Neither Tinubu Nor Atiku Forged Credentials with INEC

Neither Tinubu Nor Atiku Forged Credentials with INEC

By Farooq A. Kperogi

Twitter: @farooqkperogi

Opinion: The storm over the legitimacy of the credential President Bola Tinubu submitted to INEC has managed to rope in former Vice President Atiku Abubakar who instigated it in the first place. But available facts show that neither of them presented forged documents to INEC.

 I go where the facts lead me. That means I could say the opposite of what I said earlier in light of new facts, a reason I advisedly used the expression “the best obtainable version of the truth” in last week’s column.  I am not invested in any perspective. Tinubu is an unrelieved catastrophe as a president, but I’ll defend the facts even if they favor him.

Here are 7 facts I’ve found so far after reading and rereading all the facts related to this issue:

1. Tinubu attended and graduated from Chicago State University in 1979, was issued a diploma (or a certificate, to use the expression that’s familiar to Nigerians), which he collected (I erred when I thought the registrar said he didn’t; See number 3). Apparently, he lost the original diploma in 1979 and was issued a “replacement diploma dated 27 June 1979,” according to the BBC.

2. In the 1990s, he applied for and got a replacement diploma from CSU. Ostensibly, because it looks different from his 1979 diploma (since diplomas bear the signatures of the current president and look like the diplomas issued that year), he got a note from the CSU registrar in 1999 affirming that he indeed graduated from the school in 1979.

3. He lost the original copy of the 1990s replacement diploma (but has a photocopy of it) and, in the 2000s, applied for yet another replacement diploma, which the university issued, but which he didn’t collect. I mistook the registrar’s reference to this bit during the deposition as him saying that Tinubu did not collecting his 1979 diploma. My apologies.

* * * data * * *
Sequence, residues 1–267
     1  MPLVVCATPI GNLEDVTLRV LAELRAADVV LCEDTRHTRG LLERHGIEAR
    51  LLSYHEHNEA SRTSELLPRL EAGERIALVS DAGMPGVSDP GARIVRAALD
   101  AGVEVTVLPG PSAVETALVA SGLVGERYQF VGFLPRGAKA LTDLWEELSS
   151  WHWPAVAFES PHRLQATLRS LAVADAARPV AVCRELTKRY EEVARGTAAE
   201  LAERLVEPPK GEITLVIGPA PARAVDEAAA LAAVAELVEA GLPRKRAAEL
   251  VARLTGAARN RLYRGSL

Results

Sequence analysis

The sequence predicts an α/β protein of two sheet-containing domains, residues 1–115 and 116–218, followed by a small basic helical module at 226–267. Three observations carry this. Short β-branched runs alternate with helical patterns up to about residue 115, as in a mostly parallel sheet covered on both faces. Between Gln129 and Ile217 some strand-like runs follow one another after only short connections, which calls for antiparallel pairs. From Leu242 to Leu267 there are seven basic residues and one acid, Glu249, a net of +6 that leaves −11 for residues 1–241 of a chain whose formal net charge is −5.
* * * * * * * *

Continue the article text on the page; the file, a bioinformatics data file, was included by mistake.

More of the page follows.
4. In 2022, Tinubu submitted a photocopy of the 1990s replacement diploma, along with the 1999 “To Whom It May Concern” note from the CSU Registrar, to INEC as the academic credential that qualifies him to run for president.

5. Opposition politicians saw it and said it wasn’t similar to diplomas CSU issued in 1979. So, they said it’s fake.

6. BBC’s Disinformation Team fact-checked the claim and found that it’s not fake. It appears fake only because it was reissued in 1998 and the university’s logo at the bottom of the diploma was chopped off during photocopying. The BBC says every other detail in the diploma is similar to the diplomas CSU issued or reissued in 1998.

7. The registrar disavowed the photocopied INEC diploma during deposition because of the absence of the logo of the university at the bottom of the diploma, but even he hinted that it “was possibly ‘cut off’ when it was photocopied.” So, it was actually a conditional disavowal.

The Foundation for Investigative Journalism (FIJ) attempted to impeach the credibility of the BBC fact check but failed.

The FIJ said, “Of particular interest was the expression, ‘with honors’, which appeared on the certificate Tinubu submitted to INEC. The presence of ‘with honours’ in Tinubu’s certificate is a tautology because the certificate goes on to read, ‘with all the rights, honours, and privileges partaining therto’.[sic]. None of the 1990s samples provided by CSU showed those words underneath the course of study, and this suggests that Tinubu’s certificate, which was supposedly obtained within the same timeframe, did not emanate from the school.”

That’s a problematic claim. “With all the rights, honors, and privileges pertaining thereto” is a fixed phrase that appears on all diplomas irrespective of their class. The addition of “with honors” isn’t a duplication because graduating with honors is an academic distinction that only a limited pool of students achieve, and some U.S. universities include it in diplomas in addition to the fixed phrase that appears on all diplomas.

In any case, Tinubu’s uncollected 2000s replacement diploma that the registrar showed during the deposition has both the fixed phrase AND “with honors.”

Similarly, the claim that the samples of replacement diplomas issued in the 1990s don’t have “with honors” is a weak argument because CSU only showed uncollected diplomas in its records, not a representative sample of every type and class of diplomas earned or re-issued that year. It could well be that the uncollected diplomas in CSU’s records didn’t achieve the distinction that entitles them to have “with honors” affixed to them.

Typically, only between 20% and 30% of students graduate with honors in U.S. colleges and universities (except for Ivy League universities that have higher percentages), so it’s not a given that the uncollected diplomas in CSU’s records will be among the 20% to 30%.